Alien Invasions


While many plants are just now budding and flowering and sprouting leaves, there are others that have retained some degree of color all of this mild winter long. Besides the obvious evergreens like holly, juniper, and pine, one of the most prominent of these plants on the floodplains of the Monocacy, and throughout Frederick, is the Japanese Honeysuckle, or Lonicera japonica.  It’s a non-native vine that attracted gardeners with its delicate flowers and heady aroma and then, with the fast-growing tenacity common to all invasive species, escaped its tidy beds and uncoiled itself across the wild landscape, binding trees and suffocating the native groundcover. I’ve been taking photos of this intruder, intending to dedicate some part of a blog post to it, so it seemed a great opportunity (or at least prompt) when yesterday a Facebook post from the Maryland Department of Natural Resources informed me that it’s National Invasive Species Awareness Week. I’ve written about invasive species several times before, often to complain about their less-than-desirable attributes, like itchiness, or poisonousness, and I keep a running list of them in my Wildflowers of the Monocacy page by noting the word “alien” behind its common name. You can find a more exhaustive list of these aliens here, at the site of the Maryland Invasive Species Council (MISC).

Unlike the usual trash I can just pick up and stuff in a bag, invasive species cannot be eradicated in a moment. A few days ago, when I took my father into the mountains of the Frederick Municipal Forest to find a trout pond, he found himself distracted by all of the Japanese Honeysuckle that had insinuated itself into the underbrush. Despite his poor balance and aching joints, he began trying to disentangle it. After a great deal of work (and a little pain inflicted by the brier patch the honeysuckle had infiltrated), we did manage to pull some of it up by the roots. It seemed a sorry effort when we stepped back to see all that remained. But I can be stubborn, too.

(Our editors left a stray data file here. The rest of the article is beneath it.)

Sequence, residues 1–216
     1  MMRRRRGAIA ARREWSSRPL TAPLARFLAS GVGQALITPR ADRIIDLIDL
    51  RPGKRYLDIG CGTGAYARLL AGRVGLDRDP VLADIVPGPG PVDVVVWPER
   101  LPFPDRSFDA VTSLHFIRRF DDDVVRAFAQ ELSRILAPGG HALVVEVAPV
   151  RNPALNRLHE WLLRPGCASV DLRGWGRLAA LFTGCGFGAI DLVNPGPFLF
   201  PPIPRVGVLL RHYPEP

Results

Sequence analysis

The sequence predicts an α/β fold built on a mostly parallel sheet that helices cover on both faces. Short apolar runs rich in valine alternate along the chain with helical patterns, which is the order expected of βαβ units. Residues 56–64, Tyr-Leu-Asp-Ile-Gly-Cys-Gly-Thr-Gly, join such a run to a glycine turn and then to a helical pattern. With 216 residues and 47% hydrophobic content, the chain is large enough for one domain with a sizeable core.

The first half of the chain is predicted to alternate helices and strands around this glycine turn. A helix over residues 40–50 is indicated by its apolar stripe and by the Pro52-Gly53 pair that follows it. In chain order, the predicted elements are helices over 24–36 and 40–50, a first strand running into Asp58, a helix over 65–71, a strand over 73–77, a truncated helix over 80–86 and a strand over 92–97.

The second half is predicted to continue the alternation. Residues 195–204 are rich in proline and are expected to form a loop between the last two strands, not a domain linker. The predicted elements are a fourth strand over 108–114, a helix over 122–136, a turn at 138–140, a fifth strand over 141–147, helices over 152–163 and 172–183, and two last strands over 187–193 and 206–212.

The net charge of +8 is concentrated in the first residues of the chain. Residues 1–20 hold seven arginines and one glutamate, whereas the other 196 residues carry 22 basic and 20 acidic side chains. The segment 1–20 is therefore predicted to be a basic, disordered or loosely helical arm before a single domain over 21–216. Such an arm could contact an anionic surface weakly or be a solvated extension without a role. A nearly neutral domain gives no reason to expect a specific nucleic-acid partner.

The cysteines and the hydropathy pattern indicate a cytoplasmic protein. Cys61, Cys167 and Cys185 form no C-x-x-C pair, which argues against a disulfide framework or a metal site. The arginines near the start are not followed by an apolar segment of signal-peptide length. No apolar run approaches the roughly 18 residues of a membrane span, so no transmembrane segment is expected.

A Cold Wind

Winds gusted up to 41 miles per hour over the weekend, ushering in colder weather and, as it turns out, lots of plastic bags.

I used a large one from Pier 1 to gather up all of the others, as well as some wrappers (evidence of Halloween is still out there!) and scattered pages of newspaper. The wind also scattered some more natural debris, like this little nest of grass and cottony seeds:


It likely belonged to a mouse or some other small rodent sheltering in the tall grasses just beyond the floodplain. Last week my younger dog managed to stir one out of a hollow log along the sandy banks of the river. Although I didn’t get a very good look before it disappeared, I saw enough to know that it was a long-footed mouse.  There are several species of mice in Maryland (see Maryland’s DNR mammals page for a list). This one, I hope, was able to make a new home for itself (if a hawk didn’t get to it first).

Yesterday, as the winds were calming, I discovered the first ice on the river. It was thin and only very spotty, but still a sign that winter is coming.


I like winter, so that is something to be thankful for.